Ireland will be hoping it is third time lucky in Paris after drawing their two most recent meetings with France, with half-time leads coughed up at the Stade de France in 2012 and the Aviva Stadium last year.
Les Kiss, who has been part of the Ireland coaching set-up since 2008, knows the Six Nations leaders will have to maintain their full concentration against a team that has a rich tradition of off-the-cuff brilliance.
"There's a perception that the French are dishevelled, that they are in a dishevelled place of chaos," he said.
"But when you look at it as forensically as we have, you can see an order to that chaos, you can see what they're trying to achieve, you can see that they do allow their individuals to put themselves into the game in dangerous situations.
"So as much as they might look disorganised, there's a certain way they play that you have to be aware of - they are a very dangerous team across the park.
"And when you've got a back-three of Brice Dulin, Yoann Huget and Maxime Medard, with Hugo Bonneval coming off the bench, it's a dangerous mix and we have to be aware of that. They keep threats across the field.
"They move their forwards around and they have a group of four to five players who are very dangerous, the back-three, the two halves, and then (Mathieu) Bastareaud as the odd guy so they can shift the point of attack at any given time.
"It's based around this axis they build into their game. It may look a bit left of centre, but there is a path you can understand."
Having returned to training this week after a hamstring strain, Peter O'Mahony is expected to come back into the Ireland starting line-up for the Championship decider.
Conor Murray and Cian Healy have also trained so the Irish management should have a fully-fit squad to choose from - a welcome scenario given the injuries that piled up towards the end of last year's Six Nations.
Kiss added: "We had a meeting on Monday night - Joe (Schmidt), Plum (forwards coach John Plumtree) and myself - and we discussed some aspects of selection to date.
"(It was) not so much an audit, but we looked at things the way they are, looked at the risk factor around a trip to France and the type of threat they do pose, not only their starting team but their bench. You know they can shift it up pretty quickly, so we had a good discussion about it.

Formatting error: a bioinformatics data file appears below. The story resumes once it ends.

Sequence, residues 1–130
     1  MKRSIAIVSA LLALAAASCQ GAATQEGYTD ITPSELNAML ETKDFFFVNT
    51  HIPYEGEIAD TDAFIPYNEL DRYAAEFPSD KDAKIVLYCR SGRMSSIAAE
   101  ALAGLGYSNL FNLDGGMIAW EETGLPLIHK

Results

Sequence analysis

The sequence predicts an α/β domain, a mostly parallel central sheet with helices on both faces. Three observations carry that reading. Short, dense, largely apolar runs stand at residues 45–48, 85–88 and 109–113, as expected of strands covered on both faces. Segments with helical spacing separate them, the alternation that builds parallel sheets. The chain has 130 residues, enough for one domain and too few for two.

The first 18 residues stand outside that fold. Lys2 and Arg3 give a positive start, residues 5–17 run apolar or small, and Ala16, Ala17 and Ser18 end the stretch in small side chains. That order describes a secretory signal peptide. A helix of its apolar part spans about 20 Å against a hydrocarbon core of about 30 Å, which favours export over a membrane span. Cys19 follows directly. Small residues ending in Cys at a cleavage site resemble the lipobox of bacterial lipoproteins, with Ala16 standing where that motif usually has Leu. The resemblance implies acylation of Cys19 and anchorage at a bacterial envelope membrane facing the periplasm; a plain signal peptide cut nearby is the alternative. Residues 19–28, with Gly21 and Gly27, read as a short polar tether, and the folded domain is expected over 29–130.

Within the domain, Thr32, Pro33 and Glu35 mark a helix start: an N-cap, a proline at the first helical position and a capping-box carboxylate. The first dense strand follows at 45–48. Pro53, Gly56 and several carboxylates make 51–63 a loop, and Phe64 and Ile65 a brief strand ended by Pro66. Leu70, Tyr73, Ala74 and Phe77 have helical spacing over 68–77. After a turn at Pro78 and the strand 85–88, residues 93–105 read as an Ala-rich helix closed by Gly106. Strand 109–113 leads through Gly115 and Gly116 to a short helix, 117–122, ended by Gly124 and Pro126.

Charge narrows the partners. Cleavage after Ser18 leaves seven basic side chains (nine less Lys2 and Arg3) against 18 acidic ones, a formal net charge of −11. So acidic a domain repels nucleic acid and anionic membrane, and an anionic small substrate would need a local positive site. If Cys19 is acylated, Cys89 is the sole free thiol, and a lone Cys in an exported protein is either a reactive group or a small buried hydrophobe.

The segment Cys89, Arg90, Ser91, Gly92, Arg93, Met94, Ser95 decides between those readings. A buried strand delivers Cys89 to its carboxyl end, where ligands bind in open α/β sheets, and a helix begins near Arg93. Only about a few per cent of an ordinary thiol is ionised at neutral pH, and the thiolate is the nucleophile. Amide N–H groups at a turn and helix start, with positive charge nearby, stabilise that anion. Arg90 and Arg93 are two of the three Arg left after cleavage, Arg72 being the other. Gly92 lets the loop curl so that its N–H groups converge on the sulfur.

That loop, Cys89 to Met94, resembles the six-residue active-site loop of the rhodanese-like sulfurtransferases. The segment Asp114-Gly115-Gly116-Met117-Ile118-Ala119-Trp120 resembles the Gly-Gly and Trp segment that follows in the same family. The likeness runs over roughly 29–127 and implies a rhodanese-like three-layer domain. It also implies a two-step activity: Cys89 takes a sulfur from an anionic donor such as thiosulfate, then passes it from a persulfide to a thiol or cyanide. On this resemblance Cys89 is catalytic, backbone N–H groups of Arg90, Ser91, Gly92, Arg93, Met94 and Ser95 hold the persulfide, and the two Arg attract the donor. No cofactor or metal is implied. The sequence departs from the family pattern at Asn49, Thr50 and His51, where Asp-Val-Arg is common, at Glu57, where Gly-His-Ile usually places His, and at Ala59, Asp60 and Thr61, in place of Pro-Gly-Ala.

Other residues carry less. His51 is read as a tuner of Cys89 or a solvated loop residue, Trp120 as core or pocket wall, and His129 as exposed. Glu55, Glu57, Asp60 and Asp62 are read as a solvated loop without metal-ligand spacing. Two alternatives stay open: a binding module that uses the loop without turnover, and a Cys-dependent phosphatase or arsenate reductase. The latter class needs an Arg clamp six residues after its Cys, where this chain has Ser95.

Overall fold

"Tuesday's focus was on defence, we know they can pose a threat there. We'll have a look at the footage and will make some decisions from there.
"We are cognisant of the fact there is some continuity rather than just personnel changes, so we are just trying to be as flexible as possible when we sit down and discuss it, what combinations there are, what's coming off the bench, what type of threats they pose and what way to handle it."
Table toppers Ireland have undoubtedly benefited from that continuity of selection, with the back-line unchanged throughout the tournament - save for Luke Marshall's selection at inside centre for the opener against Scotland.
Regular backs Rob Kearney, Andrew Trimble and Jonathan Sexton have scored two tries apiece, with retiring centre Brian O'Driscoll crowning his last home international with three try-creating passes and a man-of-the-match display.
Cian Healy, Rory Best and Mike Ross are now the most-capped front row combination in the Championship's history, with 18 starts together.
Devin Toner, arguably Ireland's most improved player, is flourishing alongside captain Paul O'Connell in the second row, while the back row of O'Mahony, Chris Henry and Jamie Heaslip have produced two man-of-the-match awards and two tries between them.
The replacements bench also has a settled, well-drilled look to it. They have met the coaches' demands for having an impact in the closing quarter, particularly against Italy when the reserves accounted for the final 19 points - including tries from Sean Cronin, Fergus McFadden and Jack McGrath.
Whether they will be delving into Barry Manilow's back catalogue after the French game remains to be seen - O'Driscoll sung 'Copacabana' in the dressing room following his historic appearance against Italy - but Kiss certainly wants the Irish defence to be pitch-perfect from minute one on Saturday.
"We need to be alive, both on and off the ball, more than we have in any other game in this Championship so far," he insisted.
"It looks like it should be superb conditions...it should be a cracker and I've no doubt the French will bring their 'A' game. I just know they will."